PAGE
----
Mycotoxins, Mold, and Your Mental Health

Mycotoxins and Mold and Mental Health

Your mental health can change dramatically in response to the world around you. Most people know how stress and major life events can affect them, but even factors like diet or how clean their bedrooms are can have some noticeable impacts. But other elements could be influencing your mental health—without you even knowing.

Mycotoxins are natural toxins that certain fungi produce. These fungi—sometimes called molds—are omnipresent both indoors and outdoors. They usually grow on crops like grains, nuts, spices, and fruits.

Most countries that produce these products follow certain international standards and codes of practice to ensure these molds and their toxins don’t end up in your meals. However, tiny amounts remain even after these processes.

Beyond this, anyone who lives in a humid area knows that mold can appear pretty much anywhere that is wet and warm enough—including your home. These fungi release their mycotoxins, and humans absorb the spores day after day.

Some experts believe that this is nothing to worry about and that the mycotoxins are not powerful enough to influence humans beyond minor skin and lung issues. Others feel that mycotoxins could be yet another hidden factor negatively impacting public mental health. In this article, we’ll explore how mold exposure could impact your mental health, what the symptoms might look like, and how you can get help if it is a concern.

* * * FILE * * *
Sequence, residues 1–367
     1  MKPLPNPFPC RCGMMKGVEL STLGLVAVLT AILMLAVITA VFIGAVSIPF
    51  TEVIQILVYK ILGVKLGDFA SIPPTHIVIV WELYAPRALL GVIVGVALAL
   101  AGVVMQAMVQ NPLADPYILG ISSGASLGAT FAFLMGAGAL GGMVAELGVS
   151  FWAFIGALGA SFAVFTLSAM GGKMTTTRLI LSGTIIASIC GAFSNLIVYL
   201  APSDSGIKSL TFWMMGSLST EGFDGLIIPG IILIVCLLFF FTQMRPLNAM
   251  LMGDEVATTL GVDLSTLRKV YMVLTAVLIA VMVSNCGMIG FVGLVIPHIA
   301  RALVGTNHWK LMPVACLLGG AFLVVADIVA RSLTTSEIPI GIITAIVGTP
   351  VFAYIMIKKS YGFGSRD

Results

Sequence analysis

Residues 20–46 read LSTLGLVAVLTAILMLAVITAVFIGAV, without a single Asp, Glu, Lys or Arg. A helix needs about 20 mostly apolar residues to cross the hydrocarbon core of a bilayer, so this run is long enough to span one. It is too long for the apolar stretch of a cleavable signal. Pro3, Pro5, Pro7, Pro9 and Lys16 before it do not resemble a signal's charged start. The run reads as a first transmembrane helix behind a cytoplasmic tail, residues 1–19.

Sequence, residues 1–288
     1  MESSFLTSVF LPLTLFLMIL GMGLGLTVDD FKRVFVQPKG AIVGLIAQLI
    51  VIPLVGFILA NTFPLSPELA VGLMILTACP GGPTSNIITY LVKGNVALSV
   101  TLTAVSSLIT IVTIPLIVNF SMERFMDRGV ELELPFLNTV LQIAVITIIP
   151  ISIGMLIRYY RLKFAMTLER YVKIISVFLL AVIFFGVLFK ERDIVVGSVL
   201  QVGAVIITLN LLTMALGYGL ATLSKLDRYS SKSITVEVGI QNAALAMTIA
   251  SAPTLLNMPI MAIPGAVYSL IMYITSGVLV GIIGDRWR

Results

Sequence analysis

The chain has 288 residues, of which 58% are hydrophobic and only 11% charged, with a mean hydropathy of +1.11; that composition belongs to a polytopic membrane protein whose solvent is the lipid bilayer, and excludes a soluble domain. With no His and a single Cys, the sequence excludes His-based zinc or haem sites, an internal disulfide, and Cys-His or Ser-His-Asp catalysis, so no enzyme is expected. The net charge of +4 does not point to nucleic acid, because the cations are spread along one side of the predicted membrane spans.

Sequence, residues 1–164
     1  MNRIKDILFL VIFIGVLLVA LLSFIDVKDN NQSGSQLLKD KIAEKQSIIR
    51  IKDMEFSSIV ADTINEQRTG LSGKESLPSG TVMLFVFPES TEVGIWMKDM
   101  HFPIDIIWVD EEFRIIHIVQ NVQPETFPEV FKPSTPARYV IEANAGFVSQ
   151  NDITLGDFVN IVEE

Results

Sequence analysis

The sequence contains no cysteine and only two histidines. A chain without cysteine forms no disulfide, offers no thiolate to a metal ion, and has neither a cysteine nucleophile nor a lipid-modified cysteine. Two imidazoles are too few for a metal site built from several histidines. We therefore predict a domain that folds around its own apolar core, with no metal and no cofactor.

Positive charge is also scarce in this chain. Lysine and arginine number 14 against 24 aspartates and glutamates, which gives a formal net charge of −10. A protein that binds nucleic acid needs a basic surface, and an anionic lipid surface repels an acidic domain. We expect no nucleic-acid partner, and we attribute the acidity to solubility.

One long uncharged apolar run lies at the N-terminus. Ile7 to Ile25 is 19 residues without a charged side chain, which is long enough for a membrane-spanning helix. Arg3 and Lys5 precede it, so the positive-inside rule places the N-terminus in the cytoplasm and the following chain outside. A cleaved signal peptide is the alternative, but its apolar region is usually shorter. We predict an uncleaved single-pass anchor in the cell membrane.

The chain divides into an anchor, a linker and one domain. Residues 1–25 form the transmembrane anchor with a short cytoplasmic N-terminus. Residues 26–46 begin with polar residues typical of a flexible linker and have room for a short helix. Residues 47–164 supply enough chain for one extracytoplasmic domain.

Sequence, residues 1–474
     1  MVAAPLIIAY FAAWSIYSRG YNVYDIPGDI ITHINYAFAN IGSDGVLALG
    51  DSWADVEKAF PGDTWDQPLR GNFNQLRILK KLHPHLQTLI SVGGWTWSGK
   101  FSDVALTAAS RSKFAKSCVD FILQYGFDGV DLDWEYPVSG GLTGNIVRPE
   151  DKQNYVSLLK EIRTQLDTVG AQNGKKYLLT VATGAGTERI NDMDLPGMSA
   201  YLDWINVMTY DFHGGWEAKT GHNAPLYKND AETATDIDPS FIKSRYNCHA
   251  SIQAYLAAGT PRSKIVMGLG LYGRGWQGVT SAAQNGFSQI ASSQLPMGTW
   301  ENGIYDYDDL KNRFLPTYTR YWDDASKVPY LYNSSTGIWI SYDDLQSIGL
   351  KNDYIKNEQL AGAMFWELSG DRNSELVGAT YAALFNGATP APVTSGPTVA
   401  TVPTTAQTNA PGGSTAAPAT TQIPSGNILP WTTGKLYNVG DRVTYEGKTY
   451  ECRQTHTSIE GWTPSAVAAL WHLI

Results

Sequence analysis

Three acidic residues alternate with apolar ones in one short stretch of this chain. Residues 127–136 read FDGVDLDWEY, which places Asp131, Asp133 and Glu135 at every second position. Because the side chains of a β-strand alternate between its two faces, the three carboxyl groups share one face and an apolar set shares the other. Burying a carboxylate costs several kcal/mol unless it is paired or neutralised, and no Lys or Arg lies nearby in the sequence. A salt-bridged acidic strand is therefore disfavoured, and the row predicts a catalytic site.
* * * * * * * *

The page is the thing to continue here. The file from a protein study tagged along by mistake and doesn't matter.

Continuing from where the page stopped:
The Impact of Mold Exposure on Mental Health

Exposure to mycotoxins can occur through direct physical contact with the mold and through ingestion or inhalation of the spores. As the spores accumulate in the body, they can have a range of effects, some physical and others mental.

Researchers are still trying to assess the full spread of the mental health effects of mold exposure. What we know so far is that people who experience mold toxicity tend to report higher rates of depression and anxiety. Currently, there is a lack of studies confirming if the increases in poor mental health stem exclusively from mycotoxins or if a combination of external factors and the mycotoxins are responsible. Some experts point out that the high demands of a moldy house can create a sense of a lack of control, feeding into depression and anxiety symptoms.

Mycotoxins may also cause various physical issues and have links to poor physical health outcomes. The worse a person’s physical health is, the more likely they are to have mental health concerns as well.

Socioeconomic factors may also play a role. Researchers found that homes with mold issues are far more likely to be in low-income areas—populations that are already prone to mental health conditions like depression.

Several recent studies also found a significant association between exposure to mycotoxins in children and autism spectrum disorder, but the mechanism of this interaction is still a mystery. People who are neurodivergent—such as those on the autism spectrum—often have comorbid mental health issues.

Common Symptoms of Mold-Related Mental Health Issues

Depending on the individual, their level of exposure, duration of exposure, and the types of mycotoxins, mold exposure can cause many different symptoms. Because the list is so extensive, researchers will break lists of symptoms down according to the affected region of the body.

Typically, most people present with respiratory issues. This most often involves swelling of the sinuses and nasal congestion in the upper respiratory tract. In the lower respiratory tract, mold exposure triggers a chronic cough, wheezing, throat irritation, and chest tightness.